What's their role in the new Afghan government?

The group's leader, Sirajuddin Haqqani, who is on the FBI's most wanted list with a $US10 million ($13.6 million) bounty on his head, is Afghanistan's new Interior Minister.

He is believed to be in his late 40s or early 50s.

An FBI wanted poster.
The wanted poster issued by the FBI for Sirajuddin Haqqani.(

FBI

)

According to the FBI, Sirajuddin Haqqani "coordinated and participated in cross-border attacks against United States and coalition forces in Afghanistan", and was involved in a Kabul hotel attack and an assassination attempt on Afghan president Hamid Karzai in 2008.

Afghan researcher and political analyst Irfan Yar told the ABC Sirajuddin Haqqani had a reputation for being even more brutal than his late father.

"He was really a military commander rather than a political figure in the Taliban," Dr Yar said.

Sirajuddin's uncle, Khalil Haqqani, the Taliban's new Minister of Immigration, is also on the US wanted list with a $US5 million reward for his arrest.

He is believed to be a key fundraiser for the group and was previously in charge of prisoners.

A graphic shows members of the Taliban government.
The Taliban's new government leadership with some key ministerial positions.(

ABC News: Graphic by Jarrod Fankhauser

)

Najibullah Haqqani, who is alleged to have had an important role in organising terrorist attacks and fundraising, is the new Minister for Communications.

Tajmir Jawad, now First Deputy Chief of Intelligence, is alleged to be a key leader in the Haqqani network, according to Afghanistan's intelligence services.

Another Haqqani, Abdul Baqi Haqqani, is the new Minister for Higher Education.

Abdul Baqi Haqqani has spoken in the media recently about the importance of Islamic education over formal education.

He said women could continue to study at university but in separate classrooms to men.

The Taliban want to "create a reasonable and Islamic curriculum that is in line with our Islamic, national and historical values and, on the other hand, be able to compete with other countries," he said.

Political analyst Dr Yar said there were fears Mr Haqqani's focus on Islamic studies could weaken the formal education system.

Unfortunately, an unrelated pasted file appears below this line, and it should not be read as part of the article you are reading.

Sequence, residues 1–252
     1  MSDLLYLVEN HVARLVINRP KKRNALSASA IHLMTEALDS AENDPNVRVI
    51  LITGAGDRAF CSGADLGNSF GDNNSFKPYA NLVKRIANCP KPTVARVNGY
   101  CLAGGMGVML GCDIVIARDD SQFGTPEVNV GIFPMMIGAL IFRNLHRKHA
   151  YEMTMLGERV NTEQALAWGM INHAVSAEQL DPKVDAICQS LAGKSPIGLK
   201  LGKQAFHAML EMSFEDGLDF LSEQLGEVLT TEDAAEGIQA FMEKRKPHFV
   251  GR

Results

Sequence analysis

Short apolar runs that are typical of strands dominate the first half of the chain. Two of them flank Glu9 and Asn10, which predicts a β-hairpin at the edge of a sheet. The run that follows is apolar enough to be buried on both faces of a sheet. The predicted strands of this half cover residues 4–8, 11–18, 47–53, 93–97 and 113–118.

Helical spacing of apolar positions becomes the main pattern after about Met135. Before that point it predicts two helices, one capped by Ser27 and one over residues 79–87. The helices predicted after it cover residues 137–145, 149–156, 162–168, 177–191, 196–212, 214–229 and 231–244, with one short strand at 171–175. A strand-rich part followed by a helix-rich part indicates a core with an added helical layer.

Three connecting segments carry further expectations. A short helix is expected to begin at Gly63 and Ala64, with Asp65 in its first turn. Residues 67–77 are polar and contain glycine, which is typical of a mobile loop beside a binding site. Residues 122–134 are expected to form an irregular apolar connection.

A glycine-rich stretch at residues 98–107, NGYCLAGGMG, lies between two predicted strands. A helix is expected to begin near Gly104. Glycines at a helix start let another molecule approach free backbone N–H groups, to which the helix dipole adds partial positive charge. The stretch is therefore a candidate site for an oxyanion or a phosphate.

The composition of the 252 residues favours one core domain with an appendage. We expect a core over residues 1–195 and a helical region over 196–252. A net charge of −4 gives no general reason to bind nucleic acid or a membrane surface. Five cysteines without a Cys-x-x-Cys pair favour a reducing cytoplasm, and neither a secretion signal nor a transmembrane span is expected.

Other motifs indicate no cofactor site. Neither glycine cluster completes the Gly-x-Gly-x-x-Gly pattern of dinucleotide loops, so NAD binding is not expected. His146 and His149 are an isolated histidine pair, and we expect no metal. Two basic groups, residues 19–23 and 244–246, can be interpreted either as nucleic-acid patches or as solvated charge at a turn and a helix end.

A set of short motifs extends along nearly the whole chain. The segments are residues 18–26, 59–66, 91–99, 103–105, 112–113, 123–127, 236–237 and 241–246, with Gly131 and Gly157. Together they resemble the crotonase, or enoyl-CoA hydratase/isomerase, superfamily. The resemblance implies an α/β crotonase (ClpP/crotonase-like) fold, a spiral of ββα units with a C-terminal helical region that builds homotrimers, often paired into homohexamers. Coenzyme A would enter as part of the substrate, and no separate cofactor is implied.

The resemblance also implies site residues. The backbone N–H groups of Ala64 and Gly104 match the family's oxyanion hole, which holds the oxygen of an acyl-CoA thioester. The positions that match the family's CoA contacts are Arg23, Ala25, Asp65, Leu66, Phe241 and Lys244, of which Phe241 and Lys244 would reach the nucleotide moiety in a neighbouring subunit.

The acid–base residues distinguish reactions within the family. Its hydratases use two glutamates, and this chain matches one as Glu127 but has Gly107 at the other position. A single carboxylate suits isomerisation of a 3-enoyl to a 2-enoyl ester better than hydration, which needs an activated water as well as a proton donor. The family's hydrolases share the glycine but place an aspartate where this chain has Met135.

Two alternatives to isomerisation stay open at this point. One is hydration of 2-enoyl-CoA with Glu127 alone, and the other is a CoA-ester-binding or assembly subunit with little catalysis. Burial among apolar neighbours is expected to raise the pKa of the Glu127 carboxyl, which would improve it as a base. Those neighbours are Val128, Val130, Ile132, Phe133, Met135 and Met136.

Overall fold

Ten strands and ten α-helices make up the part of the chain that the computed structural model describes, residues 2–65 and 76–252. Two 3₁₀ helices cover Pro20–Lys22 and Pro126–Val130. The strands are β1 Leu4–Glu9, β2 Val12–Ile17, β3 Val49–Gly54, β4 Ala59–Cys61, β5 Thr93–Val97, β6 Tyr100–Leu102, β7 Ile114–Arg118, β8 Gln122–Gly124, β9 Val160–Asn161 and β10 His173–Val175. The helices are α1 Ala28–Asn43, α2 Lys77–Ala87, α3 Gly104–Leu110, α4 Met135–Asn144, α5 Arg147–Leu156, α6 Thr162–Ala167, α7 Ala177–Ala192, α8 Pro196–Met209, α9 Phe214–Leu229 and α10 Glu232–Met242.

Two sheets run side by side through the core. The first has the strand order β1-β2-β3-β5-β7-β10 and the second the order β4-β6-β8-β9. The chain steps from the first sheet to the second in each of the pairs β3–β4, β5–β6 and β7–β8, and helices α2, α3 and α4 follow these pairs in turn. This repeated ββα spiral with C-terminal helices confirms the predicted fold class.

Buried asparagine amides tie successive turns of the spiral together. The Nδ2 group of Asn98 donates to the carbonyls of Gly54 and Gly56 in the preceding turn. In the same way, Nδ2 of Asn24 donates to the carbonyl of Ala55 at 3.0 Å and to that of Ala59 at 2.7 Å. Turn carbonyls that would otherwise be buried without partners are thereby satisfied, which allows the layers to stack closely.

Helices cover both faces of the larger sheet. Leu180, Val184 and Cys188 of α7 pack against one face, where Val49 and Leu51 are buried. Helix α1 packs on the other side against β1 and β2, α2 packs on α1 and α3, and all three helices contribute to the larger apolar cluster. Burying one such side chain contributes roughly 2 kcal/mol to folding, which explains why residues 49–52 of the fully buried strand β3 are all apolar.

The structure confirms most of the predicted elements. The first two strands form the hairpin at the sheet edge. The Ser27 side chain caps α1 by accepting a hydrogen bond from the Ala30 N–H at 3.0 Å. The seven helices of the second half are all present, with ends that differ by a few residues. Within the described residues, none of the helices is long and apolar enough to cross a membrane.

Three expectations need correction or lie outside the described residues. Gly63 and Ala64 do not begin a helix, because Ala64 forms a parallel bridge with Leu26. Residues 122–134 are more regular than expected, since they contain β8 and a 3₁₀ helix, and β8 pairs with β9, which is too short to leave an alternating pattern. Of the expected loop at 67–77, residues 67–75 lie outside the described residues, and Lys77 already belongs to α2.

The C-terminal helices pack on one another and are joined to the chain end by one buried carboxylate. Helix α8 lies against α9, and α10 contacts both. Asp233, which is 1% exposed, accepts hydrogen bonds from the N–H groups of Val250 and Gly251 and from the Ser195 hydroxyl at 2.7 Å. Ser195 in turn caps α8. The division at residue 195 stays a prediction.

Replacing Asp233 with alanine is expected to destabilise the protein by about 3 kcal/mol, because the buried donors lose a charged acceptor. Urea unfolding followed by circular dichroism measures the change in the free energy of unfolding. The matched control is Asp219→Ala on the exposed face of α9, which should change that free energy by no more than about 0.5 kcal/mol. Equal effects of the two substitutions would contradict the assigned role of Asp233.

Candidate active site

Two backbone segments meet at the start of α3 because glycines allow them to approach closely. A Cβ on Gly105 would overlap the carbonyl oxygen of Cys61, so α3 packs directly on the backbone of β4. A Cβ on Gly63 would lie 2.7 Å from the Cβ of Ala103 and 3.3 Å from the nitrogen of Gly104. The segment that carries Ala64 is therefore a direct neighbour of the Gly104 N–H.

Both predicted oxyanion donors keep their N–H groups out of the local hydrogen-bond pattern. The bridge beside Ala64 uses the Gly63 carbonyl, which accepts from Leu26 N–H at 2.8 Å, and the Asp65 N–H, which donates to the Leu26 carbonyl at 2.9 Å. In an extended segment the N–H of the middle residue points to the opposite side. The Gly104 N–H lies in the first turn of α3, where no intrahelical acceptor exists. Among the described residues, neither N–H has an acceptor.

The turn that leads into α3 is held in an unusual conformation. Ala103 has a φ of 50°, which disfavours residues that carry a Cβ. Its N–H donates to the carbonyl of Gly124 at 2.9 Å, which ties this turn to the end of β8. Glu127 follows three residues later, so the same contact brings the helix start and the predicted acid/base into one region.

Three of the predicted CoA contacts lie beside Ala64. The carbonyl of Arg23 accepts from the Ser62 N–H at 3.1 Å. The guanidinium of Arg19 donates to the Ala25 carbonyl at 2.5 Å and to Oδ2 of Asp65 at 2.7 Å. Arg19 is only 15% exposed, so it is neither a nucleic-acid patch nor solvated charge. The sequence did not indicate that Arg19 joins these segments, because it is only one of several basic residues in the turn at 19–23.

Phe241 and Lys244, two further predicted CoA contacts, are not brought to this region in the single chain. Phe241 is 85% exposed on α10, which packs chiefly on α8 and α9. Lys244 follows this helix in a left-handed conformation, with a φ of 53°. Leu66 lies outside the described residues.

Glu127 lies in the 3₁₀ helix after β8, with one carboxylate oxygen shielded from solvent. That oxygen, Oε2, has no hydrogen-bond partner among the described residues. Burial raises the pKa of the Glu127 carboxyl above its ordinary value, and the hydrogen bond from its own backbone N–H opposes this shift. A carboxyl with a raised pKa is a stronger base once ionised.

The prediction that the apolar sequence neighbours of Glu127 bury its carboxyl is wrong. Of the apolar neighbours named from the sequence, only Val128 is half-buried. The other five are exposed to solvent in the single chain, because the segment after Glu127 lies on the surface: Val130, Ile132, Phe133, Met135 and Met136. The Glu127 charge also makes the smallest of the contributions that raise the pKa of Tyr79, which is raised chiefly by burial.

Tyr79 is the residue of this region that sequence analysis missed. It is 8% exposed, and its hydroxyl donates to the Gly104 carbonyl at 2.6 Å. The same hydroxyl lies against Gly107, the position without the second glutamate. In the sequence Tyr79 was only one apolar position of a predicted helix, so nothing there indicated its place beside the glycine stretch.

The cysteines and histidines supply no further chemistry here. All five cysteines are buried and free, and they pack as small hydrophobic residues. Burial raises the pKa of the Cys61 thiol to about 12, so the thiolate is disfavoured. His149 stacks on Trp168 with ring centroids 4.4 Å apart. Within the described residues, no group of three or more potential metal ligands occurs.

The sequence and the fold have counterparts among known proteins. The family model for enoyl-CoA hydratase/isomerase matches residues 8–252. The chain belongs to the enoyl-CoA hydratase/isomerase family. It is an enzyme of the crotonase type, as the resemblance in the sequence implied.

Abdul Baqi Haqqani holds his hands to his head as he stands near a Taliban flag.
Abdul Baqi Haqqani is the Taliban’s Higher Education Minister.(

AFP: Aamir Qureshi

)

He said the appointment of so many high-ranking members of the Haqqani network, who have historically held close ties to Pakistan, could gave Pakistan "leverage to extend its influence" in Afghanistan.

Since the make-up of the new government was announced on Tuesday, protesters have taken to the streets of Kabul and beyond, calling for "freedom" and criticising the "intrusion" of neighbouring Pakistan into Afghanistan's domestic affairs.

How has the international community reacted? 

After the interim government was announced, US Secretary of State Antony Blinken said the Cabinet included "people who have very challenging track records".

"We're assessing the announcement, but despite professing that a new government would be inclusive, the announced list of names consists exclusively of individuals who are members of the Taliban or their close associates, and no women," Mr Blinken said at a news conference.

He added: "Any legitimacy, any support will have to be earned."

The European Union said the Taliban had failed to honour vows to form an inclusive government.

But Beijing's foreign ministry spokesman Wang Wenbin said, "China attaches great importance to the announcement," and it welcomed the end of "three weeks of anarchy" in Afghanistan.

Dr Yar said the decision to include wanted individuals in key government positions could significantly delay any chance of international recognition for the Taliban leadership.

"If the Taliban happen to be recognised by those countries, by default those people might be removed [from terrorist lists]," he said.

But having them in the Cabinet in the first place "makes this job more difficult" he added.

"It serves the Taliban's domestic purpose but for its international recognition, it is a challenge."

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2021-09-09 19:02:23Z